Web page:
create intermediate bandgaps. The maximum theoretical
efficiency of the solar cell is as high as 63.2% with this
How Can Quantum Dots Improve the
Cheap quantum dot solar paint
• “Sun Believable solar paint,” consists of a yellow or brown paste made
of quantum dots.
• The scientists experimented with three types of quantum dots: CdS,
CdSe, and TiO2, all of which are powder-like, with water and tert
butanol as the solvent.
• Instead of adding dye to give the paint a desired color, they added
colored semiconductor nanocrystals to the solar paint to achieve the
desired optical and electronic properties.
Quantum Dot LEDs
• Used to produce inexpensive,
industrial quality white light.
• Marked improvement over
integration by dot’s ability to
absorb and emit at any desired
• Produce white light by
intermixing red, green and blue
emitting dots homogenously
within the phosphor difficult to
accomplish with the traditional
LED-phosphor set up.
• Multicolor labeling of cells is a powerful technique for visualizing many
structures simultaneously, such as cytoskeletal proteins or organelles, and
to elucidate intracellular processes.
• QDs have been used to label cellular structures both within and external to
the cell membrane. They are delivered inside cells via receptor-mediated
pathways where specific ligands were attached to QDs to induce cellular
uptake, as well as nonspecific endocytosis (ie, pinocytosis) where cells were
incubated with a concentrated QD solution.
• Non invasive, real-time in vivo fluorescence imaging requires exciting
fluorophores and detecting their emission through tissue which is
invariably hindered by scattering and absorption of both the excitation and
• Using a filtered halogen source and an IR camera, the collection of QDs
within tissue was monitored in real-time to identify a region for surgical
• Photodetectors based on single quantum dots are expected to find uses in
opto-electrical interfaces in future quantum computers, where single
photons will carry information over long distances and single electrons will
be used for computation.
• Anti counterfeiting applications: inject dots into liquid mixtures,
fabrics, polymer matrices, etc. Ability to specifically control absorption and
emission spectra to produce unique validation signatures. Almost
impossible to mimic with traditional semi-conductors.
• Counter-espionage/Defense applications: Integrate quantum dots
into dust that tracks enemies. Protection against friendly-fire events.
• New research provides evidence for significant differences between new and
old red blood cells used for transfusions and could provide a cheap, rapid
and effective way to monitor the quality of blood .
• Scientists have discover nanoparticles that can disrupt intracellular
Imaging is an important clinical modality used in determining appropriate
x-ray, computed tomography, ultrasound, radionuclide imaging and MRI, :
used widely for cancer screening and staging, determining the efficacy of
cancer therapy and monitoring recurrence.
2 major limitations
1. do not have sufficient sensitivity to detect small numbers of malignant
cells in the primary or metastatic sites.
2. The imaging techniques have not been developed to detect specific cancer
In many instances, these cell-surface markers might be targets for cancer
therapy and might assist in the diagnosis and staging of cancer.
Quantum dot (QD) imaging probes, although still in the early development
stage, provide the potential to fulfill these requirements for in vivo cancer
QDs In Cancer Therapy
QDs vs Organic Fluorescent dyes
QDs offer great advantages over traditional organic fluorescent dyes and
present a number of beneficial characteristics for spectroscopy, such as
1. high fluorescence intensity (brightness)
2. long lifetime
3. good resistance to photobleaching.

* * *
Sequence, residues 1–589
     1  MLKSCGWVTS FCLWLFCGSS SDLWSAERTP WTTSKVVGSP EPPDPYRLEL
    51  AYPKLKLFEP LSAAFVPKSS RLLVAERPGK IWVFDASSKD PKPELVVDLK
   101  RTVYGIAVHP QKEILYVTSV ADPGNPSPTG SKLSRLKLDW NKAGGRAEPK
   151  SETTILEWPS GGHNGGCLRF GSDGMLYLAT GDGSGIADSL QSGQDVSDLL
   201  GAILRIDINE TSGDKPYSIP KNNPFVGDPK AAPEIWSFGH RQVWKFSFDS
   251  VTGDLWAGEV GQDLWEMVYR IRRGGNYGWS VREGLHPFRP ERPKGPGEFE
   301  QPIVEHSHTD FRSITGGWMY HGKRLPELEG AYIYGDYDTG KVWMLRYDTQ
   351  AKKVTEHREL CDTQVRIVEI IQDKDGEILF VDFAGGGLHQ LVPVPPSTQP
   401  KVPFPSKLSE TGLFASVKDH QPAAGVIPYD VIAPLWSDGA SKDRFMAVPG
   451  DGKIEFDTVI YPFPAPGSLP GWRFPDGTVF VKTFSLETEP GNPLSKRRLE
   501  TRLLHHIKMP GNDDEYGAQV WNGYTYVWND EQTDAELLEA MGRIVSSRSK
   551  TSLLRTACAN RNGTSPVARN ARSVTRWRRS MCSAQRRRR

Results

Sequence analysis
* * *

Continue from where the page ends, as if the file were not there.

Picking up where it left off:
4. have broad excitation and narrow and symmetric emission spectra, which
make it feasible to perform 'multiplexing' (simultaneous detection of multiple
signals) imaging using a single excitation source
5. high sensitivity for simultaneous cancer molecular imaging and targeted
the sensitivity of QD-based molecular imaging can be two to three orders
larger than that of routine fluorescent dyes.
Furthermore, the fluorescence in near infrared of NIR-QDs can be detected in
deep tissues, making them suitable for in vivo imaging with high signal-to-
Biocompatibility of QDs
QDs are highly hydrophobic and, therefore, only soluble in organic solvents.
Thus often encapsulated by amphiphilic molecules.
The hydrophobic segment of these molecules interacts with the hydrophobic
molecules on the QD surface, whereas the hydrophilic segment interacts with the
aqueous medium, solublizing the QDs.
Several types of amphiphilic polymers, including polyethylene glycol (PEG)-derived
phospholipids, triblock copolymers, octylamine-modified polyacrylic acid,
oligomeric phosphine and copolymers of alkyl monomers and anhydrides, can
serve this encapsulation function.
After encapsulation, the hydrodynamic radius of QDs increases to 10-20 nm.
To functionalize QDs with biomolecules, amphiphilic polymers are engineered to
carry reactive groups, such as amines and carboxylic acids. Biomolecules, such as
peptides, antibodies, DNA or siRNA, can react with these functional groups to form
covalent linkages mediated by various coupling reagents.
In addition, biomolecules can be conjugated with QDs through noncovalent affinity
binding, such as the interactions of biotin/avidin, or nickel nitrilotriacetic acid (Ni-
Controlling ratio of reactive groups and reaction time, the average number of
biomolecules conjugated to each QD can be controlled average of two or a few
biomolecules are typically conjugated to one QD.
Encapsulation and bioconjugation do not usually alter the optical property of QDs
Recently, QDs based on silicon have drawn much attention because of their potential
lower toxicity than heavy metal QDs, such as Cd/Se dots. Silicon QDs are typically 2-8
nm in size. The surface of QDs can be passivated with organic ligands, such as
octadecene and dodecene, resulting in QDs that are more stable during storage with
dramatically increased quantum yield and solubility in organic solvents.
Some silicon QDs emit fluorescence at red and infrared range, which is ideal for in
vivo imaging. However, their excitation wavelength normally lies in the ultraviolet
region, which penetrates poorly into tissues and might be damaging to cells.